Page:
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Three subdivisions approved by RVC

Rocky View County council approved subdivision applications for the new industrial lots in the Emcor Business Park and new residential lots on Willow Creek Heights. File Photo/Rocky View Publishing

Subdivisions for a business park and a new residential community were among applications approved by Rocky View County (RVC) council during a regular meeting July 9.

The first application creates 56 industrial parcels in the Emcore Business Park Conceptual Scheme, ranging from 1.26 acres to 1.38 acres, within the Janet Area Structure Plan (ASP) east of Calgary, according to planner Stefan Kunz.

“This is now Phase 1B,” Kunz said, adding 1A was approved in July 2016.

The collection of Municipal Reserve (MR) generated discussion among councillors. Kunz noted the applicant submitted a letter requesting MR be calculated based on a land appraisal prepared in 2015 following the completion of Phase 1A, as opposed to an appraisal completed this year.

Rolly Ashdown, on behalf of applicant Emcor Development Corporation, said the original intent had been to subdivide Phases 1A and 1B at the same time, but administration had requested the latter phase be postponed while a functional study of nearby Glenmore Trail was completed.

“What I’m understanding is, it was kind of a mutual agreement between the applicant and the County to put everything on hold, and it looks like now we’re trying to maybe penalize them,” Area Coun. Jerry Gautreau said, before moving to grant the applicant’s request.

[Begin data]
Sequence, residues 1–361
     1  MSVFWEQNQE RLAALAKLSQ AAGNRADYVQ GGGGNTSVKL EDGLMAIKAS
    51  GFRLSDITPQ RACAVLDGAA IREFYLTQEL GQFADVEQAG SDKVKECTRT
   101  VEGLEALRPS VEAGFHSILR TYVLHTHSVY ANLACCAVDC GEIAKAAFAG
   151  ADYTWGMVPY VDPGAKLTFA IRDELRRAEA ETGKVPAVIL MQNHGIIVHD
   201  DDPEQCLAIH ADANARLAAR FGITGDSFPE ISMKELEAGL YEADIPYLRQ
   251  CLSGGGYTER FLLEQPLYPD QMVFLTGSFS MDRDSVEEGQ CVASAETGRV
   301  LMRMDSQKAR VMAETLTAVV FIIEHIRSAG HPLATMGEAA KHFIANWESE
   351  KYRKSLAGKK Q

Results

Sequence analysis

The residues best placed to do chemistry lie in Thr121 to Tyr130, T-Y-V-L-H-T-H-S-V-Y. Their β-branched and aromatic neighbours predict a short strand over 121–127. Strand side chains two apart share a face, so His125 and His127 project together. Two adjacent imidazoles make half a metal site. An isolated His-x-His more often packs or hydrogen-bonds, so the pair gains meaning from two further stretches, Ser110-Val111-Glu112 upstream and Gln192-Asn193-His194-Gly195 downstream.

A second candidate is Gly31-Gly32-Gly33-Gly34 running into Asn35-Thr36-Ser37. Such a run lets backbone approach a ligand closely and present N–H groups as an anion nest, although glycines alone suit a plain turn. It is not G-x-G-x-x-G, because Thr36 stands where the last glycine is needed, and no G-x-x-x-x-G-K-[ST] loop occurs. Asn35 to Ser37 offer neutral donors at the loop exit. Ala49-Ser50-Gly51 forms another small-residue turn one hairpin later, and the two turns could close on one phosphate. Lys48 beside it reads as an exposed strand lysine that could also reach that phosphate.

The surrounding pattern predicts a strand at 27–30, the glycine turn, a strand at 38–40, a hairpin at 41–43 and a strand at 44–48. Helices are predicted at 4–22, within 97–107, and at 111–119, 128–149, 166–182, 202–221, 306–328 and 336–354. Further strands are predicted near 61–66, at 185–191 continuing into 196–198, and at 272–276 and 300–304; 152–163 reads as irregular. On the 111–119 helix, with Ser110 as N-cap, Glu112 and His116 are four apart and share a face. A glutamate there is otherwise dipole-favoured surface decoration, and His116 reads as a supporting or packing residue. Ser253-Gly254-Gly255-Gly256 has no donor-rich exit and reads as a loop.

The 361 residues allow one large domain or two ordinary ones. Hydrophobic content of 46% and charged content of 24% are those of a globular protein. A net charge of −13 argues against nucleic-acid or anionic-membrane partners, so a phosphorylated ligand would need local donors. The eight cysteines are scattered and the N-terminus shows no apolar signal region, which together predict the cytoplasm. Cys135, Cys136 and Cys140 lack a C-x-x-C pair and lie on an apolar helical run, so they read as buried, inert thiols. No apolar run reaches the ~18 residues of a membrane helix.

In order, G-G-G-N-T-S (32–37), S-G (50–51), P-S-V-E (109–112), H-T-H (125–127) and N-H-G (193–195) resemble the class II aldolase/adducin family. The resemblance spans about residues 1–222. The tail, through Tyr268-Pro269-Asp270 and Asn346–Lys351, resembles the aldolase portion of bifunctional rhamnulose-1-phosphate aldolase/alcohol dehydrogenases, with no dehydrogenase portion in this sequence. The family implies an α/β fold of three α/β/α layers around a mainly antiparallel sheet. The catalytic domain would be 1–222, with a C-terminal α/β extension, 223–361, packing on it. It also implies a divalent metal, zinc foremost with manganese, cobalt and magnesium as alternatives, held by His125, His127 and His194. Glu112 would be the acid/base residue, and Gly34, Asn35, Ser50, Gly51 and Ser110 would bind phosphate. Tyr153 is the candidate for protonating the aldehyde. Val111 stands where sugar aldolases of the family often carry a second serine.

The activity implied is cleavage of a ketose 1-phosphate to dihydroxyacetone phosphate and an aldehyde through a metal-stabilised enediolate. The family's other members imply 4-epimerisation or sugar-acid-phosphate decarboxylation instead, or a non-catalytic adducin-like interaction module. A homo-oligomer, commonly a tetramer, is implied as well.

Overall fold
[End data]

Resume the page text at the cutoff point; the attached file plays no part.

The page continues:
Coun. Kim McKylor was the only member to oppose the motion, which was carried 8-1.

“If values have gone up, then, assumedly, the value of those lots has also gone up in proportion,” she said. “I’d be hard-pressed to support a compromise here.”

Council then unanimously approved the application, with Deputy Reeve Al Schule absent from the vote.

A subdivision application creating seven residential lots, ranging from two to 3.32 acres, within the Bearspaw ASP and Willow Creek Conceptual Scheme was also unanimously approved.

According to planner Dominic Kazmierczak, the application met all applicable policies, with the exception of a requirement for an emergency access – the County Servicing Standards dictate a secondary access on any development of 10 or more lots, and in this case, he said, the seven new lots would join eight existing to the east.

Kazmierczak added council could waive the requirement, if it wished, and the subdivision conditions presented by administration did not include the construction of an emergency access.

“Emergency access is simply that – it enables a secondary access onto a roadway should there be an emergency or the main road be blocked,” said Gurbir Nijjar, supervisor of Engineering. “However, these are generally, just from good practice, reviewed on a case-by-case basis.”

He added emergency access was a “lower concern” due to the total number of lots being 15.

Another subdivision application, creating a 3.14-acre parcel with a three-acre remainder northwest of Calgary on the west side of Bearspaw Road, was approved following a unanimous vote.

Following a request from the applicant, Stephanie D’Hondt, council voted 8-1 to apply the Transportation Off-Site Levy to the new parcel only – Hanson voted in opposition to stay consistent with his previous votes against similar motions.
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